Rick Rudd was born in Great Yarmouth, England and trained at Great Yarmouth and Wolverhampton colleges of art between 1968 and 1973. In 1973 he arrived in New Zealand and since then has won numerous awards. He has exhibited throughout New Zealand and internationally. He has curated national exhibitions and has conducted workshops for potters’ groups and polytechnics around New Zealand, Hong Kong, Taiwan and Australia. He was president of the New Zealand Society of Potters from 1988 to 1991. His work is held in many New Zealand public collections and has been illustrated in several books.
Rick Rudd was born in Great Yarmouth, England and trained at Great Yarmouth and Wolverhampton Colleges of Art attaining a Diploma of Art and Design, Ceramics in 1972.
In 1973 he arrived in New Zealand and since then has won several awards including the Fletcher Brownbuilt Pottery Award (1978 winner, 1980, 1982 and 1983 merit awards), the Winstones Bowl Award (1981), the New Zealand Academy of Fine Art, Caltex Oil Award (1983), Norsewear Art Award for Pottery (1995), the Royal Easter Show Pottery Award (2001) and Ballantynes Contemporary Tableware Premier Award (2001).
He has exhibited widely throughout New Zealand, regularly in solo exhibitions, numerous times as guest exhibitor and his work has been included in international exhibitions in Faenza, Italy (1981 and 1983); Sydney, Australia (1982 and 1988); Edmonton Canada (1993); Flagstaff, USA (1984); Vancouver, Canada (1986); La Jolla, USA (1986); Santa Anna, USA (1993); Singapore (1995 and 2003); Takayama, Japan (1995); Porvoo, Finland (1996); Tokyo, Japan (1998); Fremantle, Sydney and Shepparton, Australia (2002), Hong Kong (2004 and 2006), Taiwan (2004 and 2006) and Guernsey (2005).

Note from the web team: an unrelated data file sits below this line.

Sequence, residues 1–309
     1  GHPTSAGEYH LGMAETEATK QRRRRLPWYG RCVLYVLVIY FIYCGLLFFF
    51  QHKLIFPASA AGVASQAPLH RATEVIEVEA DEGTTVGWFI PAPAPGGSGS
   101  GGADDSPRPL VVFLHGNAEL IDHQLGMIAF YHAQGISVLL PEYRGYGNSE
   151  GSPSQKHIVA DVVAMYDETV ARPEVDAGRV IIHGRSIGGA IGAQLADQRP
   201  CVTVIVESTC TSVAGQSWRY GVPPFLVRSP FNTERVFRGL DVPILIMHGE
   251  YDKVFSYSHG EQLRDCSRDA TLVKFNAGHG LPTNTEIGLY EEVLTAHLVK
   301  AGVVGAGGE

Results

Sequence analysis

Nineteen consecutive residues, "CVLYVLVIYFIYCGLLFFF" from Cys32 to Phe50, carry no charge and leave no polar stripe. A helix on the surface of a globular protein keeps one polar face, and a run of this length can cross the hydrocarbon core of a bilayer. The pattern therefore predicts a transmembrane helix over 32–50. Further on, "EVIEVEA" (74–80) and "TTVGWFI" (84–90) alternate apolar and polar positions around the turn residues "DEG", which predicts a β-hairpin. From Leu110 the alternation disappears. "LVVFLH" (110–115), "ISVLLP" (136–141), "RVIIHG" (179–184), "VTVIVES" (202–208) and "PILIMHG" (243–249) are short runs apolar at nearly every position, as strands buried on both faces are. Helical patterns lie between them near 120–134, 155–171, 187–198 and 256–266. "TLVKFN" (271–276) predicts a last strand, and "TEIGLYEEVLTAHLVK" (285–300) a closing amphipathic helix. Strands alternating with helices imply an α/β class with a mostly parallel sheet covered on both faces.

He has curated and selected national exhibitions and has conducted workshops for many potters' groups and polytechnics around New Zealand. He was president of the New Zealand Society of Potters (1988 to 1991), a participant in the first New Zealand Ceramics Symposium (1988), has received two Queen Elizabeth II Arts Council grants (1984 and 1992) and was a member of the Trust Board of the Sarjeant Gallery, Whanganui (1991 to 1997).
His work is held in the New Zealand High Commission, Singapore and in most of the museum and art gallery collections in New Zealand, including the Auckland War Memorial Museum; Waikato Museum of Art and History, Hamilton; Dowse Art Museum, Lower Hutt; Manawatu Art Gallery, Palmerston North; Sarjeant Gallery, Whanganui; Hawkes Bay Art Gallery and Museum, Napier; Christchurch Art Gallery, Christchurch; Otago Museum, Dunedin and the Suter Gallery, Nelson.
His work has often been illustrated in the New Zealand Potter magazine and is represented in several books including Craft New Zealand, Doreen Blumhardt and Brian Brake, 1981; Studio Ceramics, Peter Lane, 1983; Ceramic Form, Peter Lane, 1988; Profiles - 24 New Zealand Potters, Cecilia Parkinson and John Parker, 1988; Contemporary Ceramic Art in Australia and New Zealand, Janet Mansfield, 1995; 100 New Zealand Craft Artists, Helen Schamroth, 1998; Raku-Investigations into Fire, David Jones, Cornwood Press, 1999; 500 Teapots, Lark Books, 2002; 500 Bowls, Lark Books, 2003, Crafted by Design, Jeanette Cook, Random House, 2005 and The Best of 500 Ceramics, Lark Books, 2012.
All Rudd's work is hand built, the majority pinched and coiled, a technique of adding thick coils of clay to the piece then pinching, squeezing and shaping the clay as it is extended. Once the forming process is completed the work is scraped and the form refined. The making process being relatively slow necessitates several days work being spent on some pieces. His shapes evolve rather than begin as separate ideas and new works often hark back to previous pieces but take on a new dimension.